Review – Alan Wake

Stephen King once wrote that nightmares exist outside of logic, and there’s little fun to be had in explanations. Their antithetical to the poetry of fear. In a horror story, the victim keeps asking why, but their can be no explanation, and there shouldn’t be one… With that we begin the story of Alan Wake, the new psychological horror game from Microsoft Game Studio and Remedy.

You play as the titular character Alan Wake, a renowned writer suffering from a bad case of writers block. Looking for an escape from his woes, Alan and his wife Alice take off to the northwestern town of Bright Falls, an idyllic small time, or so it seems by daylight. By night though things turn horrific as a mysterious manuscript written supposedly by Alan begins coming true, with deadly results. With darkness gathering all around you, your only weapon is the light.

The game itself is broken down into 6 episodes (with more coming as DLC in the future). While the daytime gives you a chance to explore and interact with the other characters, nighttime is where the true survival horror aspect of the game kicks into gear. The games plot is driven both by self-narration from Alan himself & his interactions with the other characters, but also through the mysterious manuscript pages scattered about the game. The manuscript can give you hints as to what lies down the road, or they can grant insights as to the dark presence that has besieged Bright Falls. As for the various episodes, there are numerous pop-culture references abounding, with nods to both iconic TV shows like Twin Peaks & The Twilight Zone, and classic horror novels like The Shining.

Character wise, Alan Wake has some exceptional personae that drive the story forward. Of course you’ve got Alan himself, the writer who’s inner demons haunt both his nightmares, and the physical world. However, the supporting cast of the game plays a huge role in the tale…

Alice: Alan’s wife who joins in his trip to Bright Falls, and disappears soon after under mysterious circumstances.

Barry: Alan’s agent, and the perpetual comic relief of the game. He’s got some of the most memorable lines in the game, and serves as a bright point of light throughout the adventure.

Agent Nightengale: FBI agent hunting down Alan Wake, but for what purpose does he hunt a simple writer with the tenacity of a hardened criminal?

Combat in the game takes place in a 3rd person perspective, pitting you against encounter after encounter with the dark presence. By themselves, enemies start out immune to any damage, however by shining light upon them you literally burn away the dark aura surrounding them, allowing you to take them down with any number of weapons. Items such as flares can give you a momentary respite from attack, while standing under streetlamps restores your health. Despite having access to the light, the game can throw overwhelming odds against you. Don’t be afraid to run if things aren’t going your way, cause it will save your life in this game.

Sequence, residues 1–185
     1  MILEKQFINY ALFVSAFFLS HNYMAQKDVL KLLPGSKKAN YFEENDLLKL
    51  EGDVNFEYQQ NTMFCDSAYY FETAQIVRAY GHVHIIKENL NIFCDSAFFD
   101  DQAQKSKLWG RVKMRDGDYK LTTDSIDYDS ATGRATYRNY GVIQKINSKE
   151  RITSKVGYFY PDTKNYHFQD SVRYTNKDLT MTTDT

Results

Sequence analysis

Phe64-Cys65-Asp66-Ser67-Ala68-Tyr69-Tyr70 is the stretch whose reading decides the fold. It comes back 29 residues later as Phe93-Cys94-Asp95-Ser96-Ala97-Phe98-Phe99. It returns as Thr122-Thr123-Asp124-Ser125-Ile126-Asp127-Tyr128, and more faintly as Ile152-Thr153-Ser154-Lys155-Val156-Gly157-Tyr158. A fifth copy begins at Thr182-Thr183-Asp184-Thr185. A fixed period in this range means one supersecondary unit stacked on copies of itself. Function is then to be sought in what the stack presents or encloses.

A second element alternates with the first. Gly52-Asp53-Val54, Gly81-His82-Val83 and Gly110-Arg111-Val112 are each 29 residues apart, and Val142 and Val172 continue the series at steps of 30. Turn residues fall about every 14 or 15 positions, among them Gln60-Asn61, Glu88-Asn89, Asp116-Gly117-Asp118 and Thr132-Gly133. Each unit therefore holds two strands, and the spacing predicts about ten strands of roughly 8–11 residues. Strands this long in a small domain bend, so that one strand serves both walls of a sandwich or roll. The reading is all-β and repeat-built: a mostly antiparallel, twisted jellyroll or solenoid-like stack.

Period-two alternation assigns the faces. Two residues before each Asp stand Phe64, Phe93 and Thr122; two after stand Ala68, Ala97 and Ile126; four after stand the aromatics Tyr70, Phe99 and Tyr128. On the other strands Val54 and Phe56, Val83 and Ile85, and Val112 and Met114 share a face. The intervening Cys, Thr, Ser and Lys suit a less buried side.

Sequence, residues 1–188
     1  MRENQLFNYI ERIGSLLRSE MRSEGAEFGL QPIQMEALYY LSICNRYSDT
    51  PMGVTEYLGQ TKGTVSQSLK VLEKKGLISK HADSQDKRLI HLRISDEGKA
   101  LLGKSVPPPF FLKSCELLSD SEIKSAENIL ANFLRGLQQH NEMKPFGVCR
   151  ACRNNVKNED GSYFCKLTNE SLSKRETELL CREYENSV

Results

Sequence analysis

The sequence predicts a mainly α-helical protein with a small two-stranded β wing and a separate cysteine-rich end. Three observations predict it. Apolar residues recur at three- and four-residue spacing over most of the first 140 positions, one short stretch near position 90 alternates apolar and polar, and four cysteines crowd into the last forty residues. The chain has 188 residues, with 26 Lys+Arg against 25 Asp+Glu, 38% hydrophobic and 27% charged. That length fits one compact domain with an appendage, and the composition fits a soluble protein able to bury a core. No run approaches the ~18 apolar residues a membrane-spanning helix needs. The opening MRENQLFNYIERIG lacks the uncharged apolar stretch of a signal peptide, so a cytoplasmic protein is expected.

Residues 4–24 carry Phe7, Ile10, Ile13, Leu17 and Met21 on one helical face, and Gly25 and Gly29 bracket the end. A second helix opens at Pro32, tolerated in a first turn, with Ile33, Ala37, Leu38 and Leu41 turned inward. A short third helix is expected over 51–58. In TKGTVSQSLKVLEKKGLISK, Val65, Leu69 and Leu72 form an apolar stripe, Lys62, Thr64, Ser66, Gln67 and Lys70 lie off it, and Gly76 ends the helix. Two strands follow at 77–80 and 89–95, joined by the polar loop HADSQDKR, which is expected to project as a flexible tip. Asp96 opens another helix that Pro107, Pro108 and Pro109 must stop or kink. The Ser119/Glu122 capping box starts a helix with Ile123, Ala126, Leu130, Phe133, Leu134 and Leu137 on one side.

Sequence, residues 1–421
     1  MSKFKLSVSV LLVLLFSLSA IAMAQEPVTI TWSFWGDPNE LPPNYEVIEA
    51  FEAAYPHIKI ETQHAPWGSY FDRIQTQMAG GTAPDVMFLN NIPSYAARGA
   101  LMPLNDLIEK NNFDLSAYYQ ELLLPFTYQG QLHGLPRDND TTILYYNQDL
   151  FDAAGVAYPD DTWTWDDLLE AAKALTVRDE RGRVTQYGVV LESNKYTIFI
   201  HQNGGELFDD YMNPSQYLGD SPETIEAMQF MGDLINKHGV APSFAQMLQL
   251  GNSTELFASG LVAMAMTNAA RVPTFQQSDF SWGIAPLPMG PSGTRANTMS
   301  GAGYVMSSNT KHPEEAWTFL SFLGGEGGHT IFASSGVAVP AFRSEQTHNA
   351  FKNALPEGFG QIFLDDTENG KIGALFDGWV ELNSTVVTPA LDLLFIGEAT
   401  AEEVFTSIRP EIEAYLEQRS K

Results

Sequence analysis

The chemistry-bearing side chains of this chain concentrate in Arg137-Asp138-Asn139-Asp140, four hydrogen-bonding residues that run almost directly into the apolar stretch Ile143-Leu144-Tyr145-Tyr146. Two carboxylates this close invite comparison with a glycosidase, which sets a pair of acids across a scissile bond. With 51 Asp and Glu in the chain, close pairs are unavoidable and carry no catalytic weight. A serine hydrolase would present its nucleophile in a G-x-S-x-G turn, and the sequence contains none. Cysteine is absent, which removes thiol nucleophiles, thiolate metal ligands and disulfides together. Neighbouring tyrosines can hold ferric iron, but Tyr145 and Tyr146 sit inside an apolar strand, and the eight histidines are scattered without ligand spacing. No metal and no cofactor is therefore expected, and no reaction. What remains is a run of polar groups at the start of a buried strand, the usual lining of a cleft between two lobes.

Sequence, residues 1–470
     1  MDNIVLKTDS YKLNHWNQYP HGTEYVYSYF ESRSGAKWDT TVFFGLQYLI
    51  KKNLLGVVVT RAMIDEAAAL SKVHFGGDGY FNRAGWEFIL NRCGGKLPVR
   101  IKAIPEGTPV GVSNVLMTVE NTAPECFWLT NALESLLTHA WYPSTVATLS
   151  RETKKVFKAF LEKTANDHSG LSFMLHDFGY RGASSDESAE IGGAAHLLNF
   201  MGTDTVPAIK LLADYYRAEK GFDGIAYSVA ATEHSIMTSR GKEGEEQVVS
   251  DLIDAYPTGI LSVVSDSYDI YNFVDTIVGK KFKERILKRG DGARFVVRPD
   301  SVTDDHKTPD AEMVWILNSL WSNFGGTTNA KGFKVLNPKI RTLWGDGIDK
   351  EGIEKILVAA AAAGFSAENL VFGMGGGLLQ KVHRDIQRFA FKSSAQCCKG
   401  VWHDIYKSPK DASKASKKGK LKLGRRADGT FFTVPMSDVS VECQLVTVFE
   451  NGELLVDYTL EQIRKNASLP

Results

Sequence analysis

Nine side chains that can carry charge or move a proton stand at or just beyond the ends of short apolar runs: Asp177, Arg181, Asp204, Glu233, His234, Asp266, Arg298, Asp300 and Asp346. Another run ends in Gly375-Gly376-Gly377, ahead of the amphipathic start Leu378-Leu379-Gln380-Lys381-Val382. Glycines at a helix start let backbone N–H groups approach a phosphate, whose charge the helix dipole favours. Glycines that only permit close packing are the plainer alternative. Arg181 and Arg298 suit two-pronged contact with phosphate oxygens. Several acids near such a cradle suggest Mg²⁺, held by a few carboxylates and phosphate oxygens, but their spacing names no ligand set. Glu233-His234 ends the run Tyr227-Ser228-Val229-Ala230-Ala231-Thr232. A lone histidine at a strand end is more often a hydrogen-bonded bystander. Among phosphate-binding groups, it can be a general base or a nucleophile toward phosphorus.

Pluses: The plot is frighteningly good, with huge twists and turns at nearly every point. Punctuate these twists with a few “WOW!” moments (play the on-stage battle, you’ll see what I mean), and you’ve got the makings of a great horror series. Also, Alan Wake features one of the best musical scores I’ve seen in a video game in a very long time. We’re talking truly epic stuff here folks.

Minuses: while Alan Wake is overall a great game, there’s a few gripes we do need to address. My major grip with the game, product placements. Do we need to run a product placement every 5 minutes? From Alan’s car with Microsoft Sync, to billboards for Verizon Wireless, not to mention Energizer batteries everywhere. Seriously, last I recall there is such a thing as suspension of disbelief folks. Second, the controls can be a bit more precise, they tend to be clunky at times, especially when your trying to run away from multiple enemies at once. Lastly, though it may just be me, but the ending really didn’t make a huge amount of sense. I suspect this may just be one of those things you have to watch a couple times to really get the jest of it. Or maybe they’re laying the foundation for something further down the line with the upcoming episodes. We’ll see.

Overall, Alan Wake is a good survival horror game with a top notch plot, and a mysterious plot that will keep you guessing through to the end and beyond.  The unanswered mystery is what stays with us the longest, and it’s what we’ll remember in the end.


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May 2010
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